“for your own good” is the most arrogant phrase there is

July 10, 2011

The height of arrogance is when I am told by someone else that I should do something or not do something “for your own good”.

Be it a doctor or a lawyer or an environmental campaigner or a civil servant or a politician or a government,  the phrase raises my hackles.

It presumes too much.

It does not convince.

It is dictatorial.

It imposes one person’s values on someone else.

It is a denial of the subject’s most deep-seated and fundamental value of deciding what constitutes “good”.

I am inclined to think that the most fundamental human characteristic is that

any – and every – human can determine what is “good”

The needs of others and surrounding society and definitions of basic human rights can circumscribe this but cannot – by diktat – take away this fundamental value which is I think integral to being an individual. By corollary any entity which cannot decide what is good and then distinguish between “good” and “bad” does not then qualify for the label “human individual”.

This leads me to paraphrase Descartes’

“cogito ergo sum” (I thinktherefore I am)  

to be instead:

I decide what is “good” and can distinguish that which is “bad”.

Therefore I am.

Behaviour, law and ethics: A practical view

September 3, 2010
Le Penseur, Musée Rodin, Paris

Image via Wikipedia

Whether in scientific endeavour, the business world or in politics we see daily scandals where behaviour is considered lacking in integrity or in ethics. In recent days we have had the Hausergate scandal, the Commonwealth Games corruption scandals, the money-down-the-drain in Iraq scandals and the HP procurement scandal.

For clarity in my own mind I reason as follows:

My values lead to my behaviour.

Values are comparative standards or norms and they calibrate and motivate my behaviour but in themselves they have no inherent goodness or badness. My values are my behavioural standards. They allow me to make comparisons (faster, better, pleasing, irritating, bearable, acceptable, good, just, right ….).

Behaviour may be lawful or unlawful or ethical or unethical.

Laws are what the society I operate in, or wish to operate in, uses to define what is unacceptable behaviour. But lawful behaviour does not address whether it is ethical or unethical (though that may be implied). Where law is silent, behaviour is, by default, lawful but may still be either ethical or unethical.

My ethics tell me what behaviour is correct and desirable behaviour. This may or may not be consistent with the ethics of the society surrounding me which specifies what that society considers the right and proper and desirable behaviour. Ethical values and ethical behaviour thus represents a sub-set of all the values I may have and all the consequent behaviour they might lead to. Ethical behaviour is not necessarily lawful. Unlike the limits set by law, behaviour does not become ethical by default if ethics are silent. Behaviour which is not unethical is not therefore necessarily ethical.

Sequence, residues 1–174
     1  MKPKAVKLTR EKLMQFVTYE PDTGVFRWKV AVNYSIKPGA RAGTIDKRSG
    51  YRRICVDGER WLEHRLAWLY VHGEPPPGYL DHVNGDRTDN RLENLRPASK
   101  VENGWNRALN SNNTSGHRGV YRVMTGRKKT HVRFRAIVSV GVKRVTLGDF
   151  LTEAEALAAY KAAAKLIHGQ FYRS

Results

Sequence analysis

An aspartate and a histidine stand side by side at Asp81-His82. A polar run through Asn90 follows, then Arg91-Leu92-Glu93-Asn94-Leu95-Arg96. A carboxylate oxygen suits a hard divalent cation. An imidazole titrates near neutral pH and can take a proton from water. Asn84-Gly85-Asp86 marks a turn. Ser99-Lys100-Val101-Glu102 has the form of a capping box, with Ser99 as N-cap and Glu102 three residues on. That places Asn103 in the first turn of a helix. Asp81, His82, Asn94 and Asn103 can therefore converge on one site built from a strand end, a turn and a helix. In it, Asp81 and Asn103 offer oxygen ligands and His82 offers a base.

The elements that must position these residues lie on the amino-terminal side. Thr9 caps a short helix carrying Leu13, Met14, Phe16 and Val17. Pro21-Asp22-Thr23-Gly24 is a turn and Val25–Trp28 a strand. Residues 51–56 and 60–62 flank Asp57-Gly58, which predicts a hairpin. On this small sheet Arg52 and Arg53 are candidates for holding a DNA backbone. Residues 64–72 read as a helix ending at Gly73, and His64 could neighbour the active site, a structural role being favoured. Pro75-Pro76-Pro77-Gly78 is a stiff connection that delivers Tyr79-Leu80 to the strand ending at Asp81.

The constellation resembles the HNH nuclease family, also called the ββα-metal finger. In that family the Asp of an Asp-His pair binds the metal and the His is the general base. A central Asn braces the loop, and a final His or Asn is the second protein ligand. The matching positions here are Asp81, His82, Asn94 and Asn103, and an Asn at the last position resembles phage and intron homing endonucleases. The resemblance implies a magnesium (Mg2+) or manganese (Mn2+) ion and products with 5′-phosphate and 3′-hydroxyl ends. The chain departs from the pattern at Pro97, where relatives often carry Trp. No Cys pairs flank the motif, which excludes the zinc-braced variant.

Ethical values and moral values are almost synonymous. The only difference I can find is that what I consider ethical codes or values rely more on logic or a rationale and less on faith. And I take faith or belief to be that which exists in the space of the “unknown unknowns” where ” I don’t know what I don’t know”. Faith or belief then allows formulating the answer (and even the question) in the absence of evidence. But both ethical codes and moral codes specify  right and proper and desirable behaviour. Behaviour that is not unethical or immoral does not by default become ethical or moral.

In practice therefore;

  1. My values lead to my behaviour,
  2. Laws tell me what I ought not to do,
  3. Ethics tell me what I ought to do.

Many corporations and organisations and enterprises take the easy way out and adopt so-called ethical codes which are merely  a set of rules (codes of law). But this is merely relying on what not to do and is an abdication of the responsibility to come to a view on what is the right and proper thing to do. The right and proper behaviour must – I think – include a conscious choice from the various options available of what can be done and cannot be merely an exclusion of unacceptable or undesirable behaviour.

A child first accepts its parents view of what is right or wrong. As it grows it brings in and integrates what others consider right or wrong. Eventually a mature thinking individual develops his own views of what is right or wrong and integrates that with the views of the surrounding society. In this sense, most corporations and other organisations are still in their infancy and are content to rely only on what law excludes as being unacceptable. This in turn leads to a minimalist ethical code where anything which is not explicitly unlawful is perfectly OK.

Hence Enron and Satyam and Siemens and British Aerospace and …………

It is the having of an ethical code that matters.